United We Can has been wracked by in-fighting among its leaders and the polls show it may pay a heavy price.

After returning from paternity leave to care for his premature twins he had with party No. 2 Irene Montero, the 40-year-old Iglesias is trying to rekindle the indignation of the jobless and those most hurt by austerity measures.

Sánchez may need to rely on Iglesias for support in a coalition.

SANTIAGO ABASCAL

Abascal is the scion of a family targeted by the now-defunct separatist group ETA in his native Basque region.

He made his career as a member of the Popular Party and now hopes he and others from his Vox party will become the first far-right lawmakers to sit in parliament since 1982.

The platform of Vox, which means voice in Latin, is to defend Spain from what it says are the dangers of separatism, Muslim immigration, feminism and liberals.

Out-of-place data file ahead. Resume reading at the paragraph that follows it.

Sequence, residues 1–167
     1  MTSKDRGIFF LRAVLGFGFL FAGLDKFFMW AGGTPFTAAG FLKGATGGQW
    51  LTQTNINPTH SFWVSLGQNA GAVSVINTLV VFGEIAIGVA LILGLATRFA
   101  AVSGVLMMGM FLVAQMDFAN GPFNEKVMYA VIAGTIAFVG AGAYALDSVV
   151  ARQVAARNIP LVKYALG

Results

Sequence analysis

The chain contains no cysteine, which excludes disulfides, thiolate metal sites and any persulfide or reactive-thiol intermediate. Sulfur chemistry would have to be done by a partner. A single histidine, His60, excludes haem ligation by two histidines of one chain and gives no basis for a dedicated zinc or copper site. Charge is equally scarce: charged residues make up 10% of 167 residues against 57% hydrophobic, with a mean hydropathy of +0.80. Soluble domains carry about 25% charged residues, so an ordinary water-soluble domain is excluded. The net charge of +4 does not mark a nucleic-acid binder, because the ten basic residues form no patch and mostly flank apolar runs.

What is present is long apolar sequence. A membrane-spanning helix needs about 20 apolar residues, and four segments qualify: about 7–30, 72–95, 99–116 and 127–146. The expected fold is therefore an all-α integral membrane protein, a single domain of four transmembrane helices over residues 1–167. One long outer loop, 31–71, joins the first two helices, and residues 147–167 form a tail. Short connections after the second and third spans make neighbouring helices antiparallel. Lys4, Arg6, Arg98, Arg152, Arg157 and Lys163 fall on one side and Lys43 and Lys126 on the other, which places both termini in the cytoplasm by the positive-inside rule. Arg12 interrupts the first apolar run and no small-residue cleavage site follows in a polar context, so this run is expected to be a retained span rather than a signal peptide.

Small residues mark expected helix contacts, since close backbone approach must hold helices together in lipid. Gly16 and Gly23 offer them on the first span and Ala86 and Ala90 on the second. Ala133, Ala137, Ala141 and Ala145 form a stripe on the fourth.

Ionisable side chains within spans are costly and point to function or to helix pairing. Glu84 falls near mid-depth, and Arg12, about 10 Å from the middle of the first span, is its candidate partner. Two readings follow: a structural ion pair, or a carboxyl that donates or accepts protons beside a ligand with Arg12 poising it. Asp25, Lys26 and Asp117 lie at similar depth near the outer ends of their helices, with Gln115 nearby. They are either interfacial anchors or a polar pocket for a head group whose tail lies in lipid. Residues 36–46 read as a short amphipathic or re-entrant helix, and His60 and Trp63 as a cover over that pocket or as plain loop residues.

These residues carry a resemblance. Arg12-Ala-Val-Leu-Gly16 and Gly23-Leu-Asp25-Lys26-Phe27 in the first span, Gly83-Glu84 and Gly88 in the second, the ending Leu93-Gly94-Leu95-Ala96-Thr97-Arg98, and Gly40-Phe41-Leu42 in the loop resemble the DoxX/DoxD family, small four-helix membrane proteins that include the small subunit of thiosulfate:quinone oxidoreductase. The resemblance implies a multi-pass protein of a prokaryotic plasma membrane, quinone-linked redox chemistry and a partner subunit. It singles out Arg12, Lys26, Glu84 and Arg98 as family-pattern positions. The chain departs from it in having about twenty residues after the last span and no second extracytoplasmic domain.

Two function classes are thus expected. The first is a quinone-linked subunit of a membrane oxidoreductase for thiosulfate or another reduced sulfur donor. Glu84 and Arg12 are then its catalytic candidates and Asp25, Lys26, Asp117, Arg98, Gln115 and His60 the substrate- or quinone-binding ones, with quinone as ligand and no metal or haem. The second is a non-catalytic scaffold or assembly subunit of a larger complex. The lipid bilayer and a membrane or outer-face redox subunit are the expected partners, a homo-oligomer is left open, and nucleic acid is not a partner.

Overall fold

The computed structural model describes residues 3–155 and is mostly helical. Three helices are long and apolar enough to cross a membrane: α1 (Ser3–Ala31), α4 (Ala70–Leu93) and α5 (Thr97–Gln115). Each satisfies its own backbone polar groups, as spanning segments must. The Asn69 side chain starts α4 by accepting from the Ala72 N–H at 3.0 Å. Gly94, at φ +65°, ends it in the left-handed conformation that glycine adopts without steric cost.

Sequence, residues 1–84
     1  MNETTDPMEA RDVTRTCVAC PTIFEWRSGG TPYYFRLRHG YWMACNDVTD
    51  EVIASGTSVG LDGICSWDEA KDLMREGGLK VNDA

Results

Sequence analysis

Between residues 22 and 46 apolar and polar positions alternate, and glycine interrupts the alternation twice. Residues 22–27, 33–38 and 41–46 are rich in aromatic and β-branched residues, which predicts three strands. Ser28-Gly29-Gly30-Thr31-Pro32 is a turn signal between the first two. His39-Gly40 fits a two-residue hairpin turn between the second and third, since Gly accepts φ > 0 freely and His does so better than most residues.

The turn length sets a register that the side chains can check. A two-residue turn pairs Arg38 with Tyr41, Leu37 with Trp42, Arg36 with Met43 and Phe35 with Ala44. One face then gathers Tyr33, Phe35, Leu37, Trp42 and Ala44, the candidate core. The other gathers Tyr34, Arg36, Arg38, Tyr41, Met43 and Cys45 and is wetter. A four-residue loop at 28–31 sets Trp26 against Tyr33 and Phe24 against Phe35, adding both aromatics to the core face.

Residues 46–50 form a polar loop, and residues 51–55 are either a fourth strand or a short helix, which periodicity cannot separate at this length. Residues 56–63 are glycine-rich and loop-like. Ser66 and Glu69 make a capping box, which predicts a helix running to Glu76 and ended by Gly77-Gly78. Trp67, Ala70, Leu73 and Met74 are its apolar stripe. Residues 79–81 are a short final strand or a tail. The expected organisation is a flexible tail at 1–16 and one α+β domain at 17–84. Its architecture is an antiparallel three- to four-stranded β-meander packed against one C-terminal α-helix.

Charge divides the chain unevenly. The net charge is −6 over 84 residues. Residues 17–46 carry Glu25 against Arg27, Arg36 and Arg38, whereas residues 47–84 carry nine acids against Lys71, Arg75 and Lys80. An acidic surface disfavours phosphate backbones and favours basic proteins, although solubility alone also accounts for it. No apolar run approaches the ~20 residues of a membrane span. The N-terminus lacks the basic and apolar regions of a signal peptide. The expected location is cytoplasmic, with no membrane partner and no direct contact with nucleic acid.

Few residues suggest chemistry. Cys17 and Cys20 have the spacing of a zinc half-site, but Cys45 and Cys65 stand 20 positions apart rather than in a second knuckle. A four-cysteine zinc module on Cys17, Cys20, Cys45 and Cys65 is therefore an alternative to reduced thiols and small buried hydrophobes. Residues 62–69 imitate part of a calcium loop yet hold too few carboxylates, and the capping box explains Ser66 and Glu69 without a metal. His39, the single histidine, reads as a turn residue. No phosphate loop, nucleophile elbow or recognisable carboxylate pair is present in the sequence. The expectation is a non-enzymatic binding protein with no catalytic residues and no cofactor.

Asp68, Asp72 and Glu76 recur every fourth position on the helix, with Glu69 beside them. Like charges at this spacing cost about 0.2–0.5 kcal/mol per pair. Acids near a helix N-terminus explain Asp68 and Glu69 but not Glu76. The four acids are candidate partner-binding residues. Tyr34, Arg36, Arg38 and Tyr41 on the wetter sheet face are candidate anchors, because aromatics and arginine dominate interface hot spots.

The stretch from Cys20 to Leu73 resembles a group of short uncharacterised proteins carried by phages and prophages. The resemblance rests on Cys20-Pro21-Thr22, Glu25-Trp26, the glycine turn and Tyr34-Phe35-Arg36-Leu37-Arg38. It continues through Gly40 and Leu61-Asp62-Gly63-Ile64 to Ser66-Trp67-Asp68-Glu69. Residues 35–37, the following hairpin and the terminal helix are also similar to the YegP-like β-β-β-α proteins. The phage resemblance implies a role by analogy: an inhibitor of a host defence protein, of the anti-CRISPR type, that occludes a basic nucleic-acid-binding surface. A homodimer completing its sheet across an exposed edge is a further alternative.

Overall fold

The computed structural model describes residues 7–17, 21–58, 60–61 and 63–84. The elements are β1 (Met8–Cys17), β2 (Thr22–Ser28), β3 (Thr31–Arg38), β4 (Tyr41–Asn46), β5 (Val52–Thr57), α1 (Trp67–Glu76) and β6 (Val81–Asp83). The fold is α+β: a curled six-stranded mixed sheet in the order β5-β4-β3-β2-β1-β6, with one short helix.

The 43-year-old Abascal unapologetically defends hunting, bullfighting and traditional and Catholic family values.

He has said that he wants to “reconquer” Spain, a reference to the 15th-century expulsion of Muslims and Jews from Spanish territory.

The pistol-carrying politician has called for dropping strict gun controls.

Source: Fox News World

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Huawei logo is pictured during the media day for the Shanghai auto show in Shanghai
FILE PHOTO: A Huawei logo is pictured during the media day for the Shanghai auto show in Shanghai, China April 16, 2019. REUTERS/Aly Song

April 25, 2019

LONDON (Reuters) – British culture minister Jeremy Wright said on Thursday he could not rule out a criminal investigation over the “unacceptable” disclosure of confidential discussions on the role of China’s Huawei Technologies in 5G network supply chains.